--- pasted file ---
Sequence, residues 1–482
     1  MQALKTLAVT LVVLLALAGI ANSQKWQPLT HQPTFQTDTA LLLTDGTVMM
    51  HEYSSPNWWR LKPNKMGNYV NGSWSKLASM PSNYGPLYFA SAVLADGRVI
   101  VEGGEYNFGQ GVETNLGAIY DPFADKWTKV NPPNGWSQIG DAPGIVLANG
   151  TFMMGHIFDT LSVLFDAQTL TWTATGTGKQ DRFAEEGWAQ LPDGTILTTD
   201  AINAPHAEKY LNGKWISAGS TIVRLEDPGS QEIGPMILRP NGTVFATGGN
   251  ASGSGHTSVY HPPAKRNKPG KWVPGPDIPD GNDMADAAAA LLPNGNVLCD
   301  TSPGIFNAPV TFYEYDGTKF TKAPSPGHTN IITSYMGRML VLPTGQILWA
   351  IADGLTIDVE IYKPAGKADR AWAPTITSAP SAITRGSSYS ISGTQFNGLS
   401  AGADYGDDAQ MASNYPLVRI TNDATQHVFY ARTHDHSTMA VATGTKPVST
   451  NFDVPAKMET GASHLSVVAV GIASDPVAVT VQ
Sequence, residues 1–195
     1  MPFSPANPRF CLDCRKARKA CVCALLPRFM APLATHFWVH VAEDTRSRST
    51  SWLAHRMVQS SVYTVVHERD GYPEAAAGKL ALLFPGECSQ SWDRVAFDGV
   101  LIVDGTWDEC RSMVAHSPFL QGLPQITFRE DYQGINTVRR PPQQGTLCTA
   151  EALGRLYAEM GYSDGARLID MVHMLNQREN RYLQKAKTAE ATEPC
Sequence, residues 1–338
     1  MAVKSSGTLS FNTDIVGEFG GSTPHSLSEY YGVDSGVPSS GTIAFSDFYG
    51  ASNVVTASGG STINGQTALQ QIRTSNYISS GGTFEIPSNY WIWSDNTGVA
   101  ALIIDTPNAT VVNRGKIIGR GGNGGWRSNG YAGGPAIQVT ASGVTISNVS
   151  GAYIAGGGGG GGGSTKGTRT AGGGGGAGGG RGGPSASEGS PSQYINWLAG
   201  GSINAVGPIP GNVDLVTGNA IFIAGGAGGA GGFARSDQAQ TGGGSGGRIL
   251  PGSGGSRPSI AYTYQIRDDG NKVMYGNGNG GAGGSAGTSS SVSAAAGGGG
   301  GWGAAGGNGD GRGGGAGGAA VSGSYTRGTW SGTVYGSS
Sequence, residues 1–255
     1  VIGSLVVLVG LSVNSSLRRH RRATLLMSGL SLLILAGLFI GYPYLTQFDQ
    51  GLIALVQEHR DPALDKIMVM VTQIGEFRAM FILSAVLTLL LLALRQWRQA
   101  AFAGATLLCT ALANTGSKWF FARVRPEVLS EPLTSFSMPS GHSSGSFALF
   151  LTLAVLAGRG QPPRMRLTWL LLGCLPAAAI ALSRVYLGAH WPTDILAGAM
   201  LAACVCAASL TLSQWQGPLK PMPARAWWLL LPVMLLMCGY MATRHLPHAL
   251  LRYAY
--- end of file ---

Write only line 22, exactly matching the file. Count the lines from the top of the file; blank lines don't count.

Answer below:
   201  GSINAVGPIP GNVDLVTGNA IFIAGGAGGA GGFARSDQAQ TGGGSGGRIL